Cherine Their ‘gazing’ at you, the viewer, was intended. I worked this out when I filmed the first woman, Sophie, my cousin. On holidays from university, I asked her to help me to nut the performance out. During the first performance I gave her little to no instruction on where to look. When we watched the footage back, she was looking all over the place, a bit lost. She looked at her hands and downwards mostly, but in an instant, she looked up and made eye contact with the camera. In that second, she was commanding. Her look uttered, ‘I see you seeing me.’
Jeff And did the resulting video portraits reveal something to you that you hadn’t consciously intended or anticipated at the work’s inception?
Cherine Making portraits with people always reveals something unintended. I welcome this above all. What I love about working with others is what they bring to the project beyond my authorial control. Collaborating like this opens my work up beyond my initial idea. This ‘opening’ produces knowledge. As such, each of the women ‘felt’ different to touch. When I sat behind them and rested my head on their backs to begin wrestling off the jacket, I was attuned to my body feeling their movements and rhythms. There were ripples, textures, flutters, pauses, for example. In the three-minutes, I could register hard, soft, strong, weak, light, heavy, unmoving, wispy, giving, taking, wanting, needing, free, constrained, at ease, guarded. Are these ‘moods’? I work iteratively. With each repetition I gather more information, more knowledge, more understanding of what I am doing. What I understood after forty-four repeats is that being two bodies entangled in a game for three minutes is different every time. And it is as much about what the camera captures as what the camera fails to capture.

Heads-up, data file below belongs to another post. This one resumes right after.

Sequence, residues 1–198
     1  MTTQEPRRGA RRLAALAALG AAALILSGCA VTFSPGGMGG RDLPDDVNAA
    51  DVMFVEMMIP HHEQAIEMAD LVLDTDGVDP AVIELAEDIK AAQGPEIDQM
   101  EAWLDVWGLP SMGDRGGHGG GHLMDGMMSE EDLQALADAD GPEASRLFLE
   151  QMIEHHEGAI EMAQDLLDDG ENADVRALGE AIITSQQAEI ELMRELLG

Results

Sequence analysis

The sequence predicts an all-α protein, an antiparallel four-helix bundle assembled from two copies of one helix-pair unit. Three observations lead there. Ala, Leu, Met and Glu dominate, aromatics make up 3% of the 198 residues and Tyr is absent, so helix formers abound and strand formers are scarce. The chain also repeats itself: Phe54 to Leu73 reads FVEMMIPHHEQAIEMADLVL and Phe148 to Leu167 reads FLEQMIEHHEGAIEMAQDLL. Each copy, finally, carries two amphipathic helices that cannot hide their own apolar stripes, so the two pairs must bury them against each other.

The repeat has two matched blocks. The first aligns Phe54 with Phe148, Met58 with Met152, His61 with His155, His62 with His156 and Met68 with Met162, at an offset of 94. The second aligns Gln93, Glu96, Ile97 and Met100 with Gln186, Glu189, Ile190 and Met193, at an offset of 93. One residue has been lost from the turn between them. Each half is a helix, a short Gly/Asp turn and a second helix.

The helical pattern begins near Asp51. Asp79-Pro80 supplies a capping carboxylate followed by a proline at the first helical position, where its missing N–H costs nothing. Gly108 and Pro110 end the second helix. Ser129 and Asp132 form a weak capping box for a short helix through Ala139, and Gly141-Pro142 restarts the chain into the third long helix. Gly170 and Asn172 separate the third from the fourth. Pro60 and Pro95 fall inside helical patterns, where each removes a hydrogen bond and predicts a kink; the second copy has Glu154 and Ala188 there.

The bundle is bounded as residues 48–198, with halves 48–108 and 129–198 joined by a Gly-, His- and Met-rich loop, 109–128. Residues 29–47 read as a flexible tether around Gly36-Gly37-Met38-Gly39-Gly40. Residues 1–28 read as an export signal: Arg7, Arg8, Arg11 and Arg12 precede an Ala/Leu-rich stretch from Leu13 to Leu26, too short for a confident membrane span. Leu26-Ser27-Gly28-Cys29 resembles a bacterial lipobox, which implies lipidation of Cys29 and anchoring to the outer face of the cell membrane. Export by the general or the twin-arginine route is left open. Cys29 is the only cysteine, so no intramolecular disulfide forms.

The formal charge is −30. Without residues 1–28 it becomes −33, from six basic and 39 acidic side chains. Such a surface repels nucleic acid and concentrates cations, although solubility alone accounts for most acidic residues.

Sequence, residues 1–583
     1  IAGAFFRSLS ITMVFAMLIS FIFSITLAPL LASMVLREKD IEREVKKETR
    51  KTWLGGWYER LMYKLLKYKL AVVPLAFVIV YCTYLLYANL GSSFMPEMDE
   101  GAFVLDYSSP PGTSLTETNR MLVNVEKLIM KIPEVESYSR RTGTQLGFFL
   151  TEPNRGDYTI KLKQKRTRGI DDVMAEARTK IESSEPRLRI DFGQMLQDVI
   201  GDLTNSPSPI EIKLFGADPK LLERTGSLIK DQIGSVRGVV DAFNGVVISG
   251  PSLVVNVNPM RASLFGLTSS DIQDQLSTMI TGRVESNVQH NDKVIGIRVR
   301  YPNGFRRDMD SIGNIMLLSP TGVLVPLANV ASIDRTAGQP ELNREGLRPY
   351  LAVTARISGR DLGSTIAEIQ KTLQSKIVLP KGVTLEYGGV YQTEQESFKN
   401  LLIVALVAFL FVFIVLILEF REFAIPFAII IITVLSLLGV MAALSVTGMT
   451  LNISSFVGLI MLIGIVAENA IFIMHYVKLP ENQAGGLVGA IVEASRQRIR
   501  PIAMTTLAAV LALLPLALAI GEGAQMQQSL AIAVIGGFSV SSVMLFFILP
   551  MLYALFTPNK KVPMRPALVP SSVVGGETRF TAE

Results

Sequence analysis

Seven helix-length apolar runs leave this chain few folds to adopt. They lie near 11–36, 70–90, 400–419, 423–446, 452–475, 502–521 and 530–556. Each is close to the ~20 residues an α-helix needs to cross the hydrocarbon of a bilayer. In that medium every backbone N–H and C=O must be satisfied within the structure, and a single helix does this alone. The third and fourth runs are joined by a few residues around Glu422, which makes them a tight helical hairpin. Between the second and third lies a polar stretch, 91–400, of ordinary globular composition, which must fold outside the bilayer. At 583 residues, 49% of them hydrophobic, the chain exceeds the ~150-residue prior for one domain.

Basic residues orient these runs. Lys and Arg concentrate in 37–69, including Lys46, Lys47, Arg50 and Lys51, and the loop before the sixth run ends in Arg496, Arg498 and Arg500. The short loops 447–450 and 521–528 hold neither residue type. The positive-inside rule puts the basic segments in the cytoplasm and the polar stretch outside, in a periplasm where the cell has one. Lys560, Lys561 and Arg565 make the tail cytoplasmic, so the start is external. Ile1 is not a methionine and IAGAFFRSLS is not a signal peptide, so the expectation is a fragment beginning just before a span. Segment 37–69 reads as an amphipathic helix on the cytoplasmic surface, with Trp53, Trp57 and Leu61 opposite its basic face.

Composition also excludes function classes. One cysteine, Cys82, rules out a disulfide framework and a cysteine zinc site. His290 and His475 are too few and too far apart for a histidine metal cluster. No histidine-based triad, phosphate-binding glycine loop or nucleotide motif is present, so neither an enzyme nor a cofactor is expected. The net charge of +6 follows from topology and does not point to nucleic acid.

Jeff The central premise of each portrait, the subject’s struggle to keep the jacket on while you attempt to remove it, is imbued with a sense of subtle violence. But it also strikes me as quite tender, a kind of symbiosis between tension and release.
Cherine I became aware of this in time. I didn’t start the project thinking ‘I want this to be both tender and violent,’ but I recognised that was how it read. The first four performances, with Sophie, Serina, Gilda (my mum), and Emi, revealed this. At first, this bothered me. I didn’t want the women to look (or feel) violated. Tenderness I am at ease with, but the violent gesture made me uncomfortable. But I also understood that it was implied subtly in the struggle and that this ambiguity was the strength of the work. I also realised that the three minutes we performed was the duration of a boxing round. I love boxing as a sport – not watching it as much as doing it. I used to box for years, not fighting, but sparring. At the school I trained at, we sparred in a ring for three-minute rounds. For ninety-minutes, we would rotate through the group of about six to eight boxers, fighting each other for three minutes. It was tough and affectionate, never aggressive, always controlled. That is what Ecdysis is. Exacting and restrained.